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Survival Lessons from Alice Hoffman: Choose Your Friends

Hoffman_author_CMYK_HR[Our thanks to Alice Hoffman for sharing this excerpt from her recent book, Survival Lessons. Based on her own experience as a cancer survivor, this is a deeply personal and profound collection of essays on dealing with trauma and loss. Check back tomorrow for another excerpt.]

Choose Your Friends

When you have a dinner party only invite people you want to talk to. Invite those you’ve always wanted to know.

If I could, I would invite the Brontës and Edgar Allan Poe. They would be my first choices for dinner guests. I would want to know about their minds and his life. I would also want to invite Emily Dickinson, even though it is said that at some point she only spoke to callers through her bedroom door. That makes me love her all the more because I often feel exactly the same and want to hide away. She took to covering the windows in her bedroom, so she would feel safe, but she also went into the woods and collected hundreds of specimens of wildflowers.

Since it is impossible to invite great, dead writers, invite alive young people. Girls with pink hair who have big dreams. Young men who plan to change the world. children who get into trouble at school because they have too much energy and too many ideas. People in the middle of their lives are so busy working, buying things, and trying to pay their mortgages that they often don’t have time to spend dreaming out loud. Your friends’ children may now seem more interesting than their parents. It may come as a complete surprise when they are the ones who take time to visit, who view you without judgment even though you have lost your hair and your eyebrows. They ask questions other people are too polite to bring up: Did you love her? Does it hurt? Are you afraid of what happens next?

HoffmanI especially appreciated the fearlessness of teen readers and writers when I was undergoing treatment. One beautiful girl said to me, I am the darkest person you’ve ever met, but her poems were graceful and eloquent, and she hugged me when I left. Another told me that my book Green Angel--about a girl who loses everything and has to reclaim her life through writing her story--had gotten her through months in a hospital bed and several surgeries. I realized these teens were just starting out and I might be ending, but I felt a wild sort of joy to see how alike we were despite the difference in our ages. The fact that they loved books assured me that even if I wasn’t able to be a part of it, the future would be in good hands.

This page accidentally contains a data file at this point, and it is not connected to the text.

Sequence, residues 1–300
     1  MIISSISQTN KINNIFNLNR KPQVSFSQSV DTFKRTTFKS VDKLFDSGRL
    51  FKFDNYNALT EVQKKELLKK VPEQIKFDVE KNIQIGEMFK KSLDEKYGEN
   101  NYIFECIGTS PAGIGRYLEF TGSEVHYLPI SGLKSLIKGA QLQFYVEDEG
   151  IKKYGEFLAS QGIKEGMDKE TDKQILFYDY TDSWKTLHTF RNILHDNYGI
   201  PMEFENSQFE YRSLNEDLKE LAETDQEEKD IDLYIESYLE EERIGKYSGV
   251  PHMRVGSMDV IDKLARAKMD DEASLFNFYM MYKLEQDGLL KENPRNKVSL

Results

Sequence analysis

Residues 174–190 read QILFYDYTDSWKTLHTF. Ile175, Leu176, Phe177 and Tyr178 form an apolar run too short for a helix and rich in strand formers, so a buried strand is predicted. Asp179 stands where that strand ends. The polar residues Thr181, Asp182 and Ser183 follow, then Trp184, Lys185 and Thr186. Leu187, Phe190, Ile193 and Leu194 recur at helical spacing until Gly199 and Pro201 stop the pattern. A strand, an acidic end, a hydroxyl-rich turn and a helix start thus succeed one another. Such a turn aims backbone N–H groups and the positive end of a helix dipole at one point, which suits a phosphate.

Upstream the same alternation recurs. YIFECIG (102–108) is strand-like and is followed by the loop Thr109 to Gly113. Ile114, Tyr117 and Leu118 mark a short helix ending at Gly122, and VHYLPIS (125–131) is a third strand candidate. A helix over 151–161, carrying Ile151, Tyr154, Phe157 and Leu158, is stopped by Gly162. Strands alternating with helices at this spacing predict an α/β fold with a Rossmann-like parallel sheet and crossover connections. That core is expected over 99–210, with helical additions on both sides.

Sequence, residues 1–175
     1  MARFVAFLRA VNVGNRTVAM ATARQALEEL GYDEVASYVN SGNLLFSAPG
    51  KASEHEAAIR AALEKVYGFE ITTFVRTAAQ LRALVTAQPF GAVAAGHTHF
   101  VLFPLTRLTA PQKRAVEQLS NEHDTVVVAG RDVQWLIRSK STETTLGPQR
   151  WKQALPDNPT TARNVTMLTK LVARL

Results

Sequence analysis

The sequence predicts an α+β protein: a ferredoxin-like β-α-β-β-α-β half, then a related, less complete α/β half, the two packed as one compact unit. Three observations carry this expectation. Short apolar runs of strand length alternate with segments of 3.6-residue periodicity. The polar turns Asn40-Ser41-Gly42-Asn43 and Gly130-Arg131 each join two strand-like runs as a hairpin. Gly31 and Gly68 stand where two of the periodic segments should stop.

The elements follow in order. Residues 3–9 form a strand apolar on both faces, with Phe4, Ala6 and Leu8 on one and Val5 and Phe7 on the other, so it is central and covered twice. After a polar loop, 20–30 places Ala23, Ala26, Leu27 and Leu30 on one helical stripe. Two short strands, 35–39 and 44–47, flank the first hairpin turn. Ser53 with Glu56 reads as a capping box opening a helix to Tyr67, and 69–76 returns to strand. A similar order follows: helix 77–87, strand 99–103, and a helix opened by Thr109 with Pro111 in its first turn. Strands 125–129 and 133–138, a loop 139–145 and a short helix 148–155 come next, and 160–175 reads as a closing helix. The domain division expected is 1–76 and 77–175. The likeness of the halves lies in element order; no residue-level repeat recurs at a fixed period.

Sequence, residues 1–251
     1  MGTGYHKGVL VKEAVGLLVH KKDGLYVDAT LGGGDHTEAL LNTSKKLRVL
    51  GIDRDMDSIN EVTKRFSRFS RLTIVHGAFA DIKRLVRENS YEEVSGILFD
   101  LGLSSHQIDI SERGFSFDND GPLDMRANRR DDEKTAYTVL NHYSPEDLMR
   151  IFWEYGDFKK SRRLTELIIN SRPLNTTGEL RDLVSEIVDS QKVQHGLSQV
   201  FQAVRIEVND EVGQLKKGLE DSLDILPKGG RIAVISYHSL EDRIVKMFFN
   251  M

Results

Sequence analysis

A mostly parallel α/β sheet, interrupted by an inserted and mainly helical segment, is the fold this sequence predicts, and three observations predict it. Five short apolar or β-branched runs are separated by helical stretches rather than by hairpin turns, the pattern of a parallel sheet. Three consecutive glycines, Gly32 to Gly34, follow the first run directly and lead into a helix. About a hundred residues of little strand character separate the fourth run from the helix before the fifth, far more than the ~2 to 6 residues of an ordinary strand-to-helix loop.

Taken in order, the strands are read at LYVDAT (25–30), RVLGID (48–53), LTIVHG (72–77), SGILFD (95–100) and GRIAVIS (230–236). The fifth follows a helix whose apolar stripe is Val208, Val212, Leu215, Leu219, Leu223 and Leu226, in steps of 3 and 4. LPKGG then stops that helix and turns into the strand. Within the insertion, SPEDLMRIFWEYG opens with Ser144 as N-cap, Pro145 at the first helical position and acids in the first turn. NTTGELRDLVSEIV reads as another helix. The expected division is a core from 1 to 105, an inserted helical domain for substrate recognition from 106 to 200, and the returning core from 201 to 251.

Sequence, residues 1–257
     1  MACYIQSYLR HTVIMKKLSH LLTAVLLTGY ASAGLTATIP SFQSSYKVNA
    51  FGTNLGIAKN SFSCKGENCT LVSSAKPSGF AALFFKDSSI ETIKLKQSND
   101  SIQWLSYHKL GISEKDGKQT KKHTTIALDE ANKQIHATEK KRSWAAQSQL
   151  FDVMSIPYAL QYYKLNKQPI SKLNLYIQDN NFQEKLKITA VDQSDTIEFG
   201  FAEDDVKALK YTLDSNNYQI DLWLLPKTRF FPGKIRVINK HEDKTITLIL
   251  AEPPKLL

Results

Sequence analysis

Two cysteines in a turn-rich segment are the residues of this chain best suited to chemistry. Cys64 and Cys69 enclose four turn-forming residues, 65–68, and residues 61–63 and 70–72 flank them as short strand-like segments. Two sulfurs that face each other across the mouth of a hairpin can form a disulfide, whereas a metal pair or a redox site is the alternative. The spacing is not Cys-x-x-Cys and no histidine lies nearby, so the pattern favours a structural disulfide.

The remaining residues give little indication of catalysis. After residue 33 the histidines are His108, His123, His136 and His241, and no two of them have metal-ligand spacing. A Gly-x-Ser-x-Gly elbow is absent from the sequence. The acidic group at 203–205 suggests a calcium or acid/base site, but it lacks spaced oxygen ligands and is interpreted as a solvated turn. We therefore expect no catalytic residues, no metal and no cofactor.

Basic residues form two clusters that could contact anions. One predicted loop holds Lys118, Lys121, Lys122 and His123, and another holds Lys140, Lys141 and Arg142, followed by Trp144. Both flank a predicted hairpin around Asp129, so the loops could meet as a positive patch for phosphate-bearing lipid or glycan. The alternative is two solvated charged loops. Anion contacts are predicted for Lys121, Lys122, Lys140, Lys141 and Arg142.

I also found myself drawn to older people. I asked them, How did it feel to see yourself change on the outside and look entirely different? I began to talk to neighbors in their eighties and nineties, people who had previously been nothing more than nodding acquaintances. I discovered what interesting lives they’d led and how much they had to say. Once I slowed down and took the time to ask questions, I realized they had a thousand and one stories.

I threw a party for my mother’s birthday, inviting both her friends and mine. We had tea in an old New England inn. It was the last birthday my mother celebrated. We didn’t know that, but we had an idea that might be true. We didn’t count calories or glasses of wine. One of the younger women asked if there was anything the older women wished they’d done when they were younger and had more energy and time. The older women all agreed upon the answer: They wished they had traveled the world. But more importantly, they wished they’d fallen in love more often. Don’t hold back! they told us. Live right now!

Make time for old friends. Get a group of your favorite people together and rent a room at a hotel. Order room service, watch movies, dance until the management starts to get complaints from other guests. Go to a spa together or make pizza from scratch. Tell someone how much he means to you. Don’t hold back! Throw your arms around somebody right now.

The truth is, some of your closest friends may disappear during your most difficult times. These people have their own history and traumas; they may not be able to deal with yours. They may belong to the before.

I still mourn the loss of certain people, friends who didn’t call after my diagnosis, who were too afraid to come to the hospital or visit me on my worst days. I was hurt. I felt abandoned. Looking back on it, I wish I had let them go more easily. If people aren’t there for you now, when you really need them, they never will be, and it’s time to move on. You’ll be amazed by how many new friends you have in the after. They’ll be the ones who aren’t afraid of sorrow, who know we can’t avoid it. The best we can do is face it together.


> See all of Alice Hoffman's books

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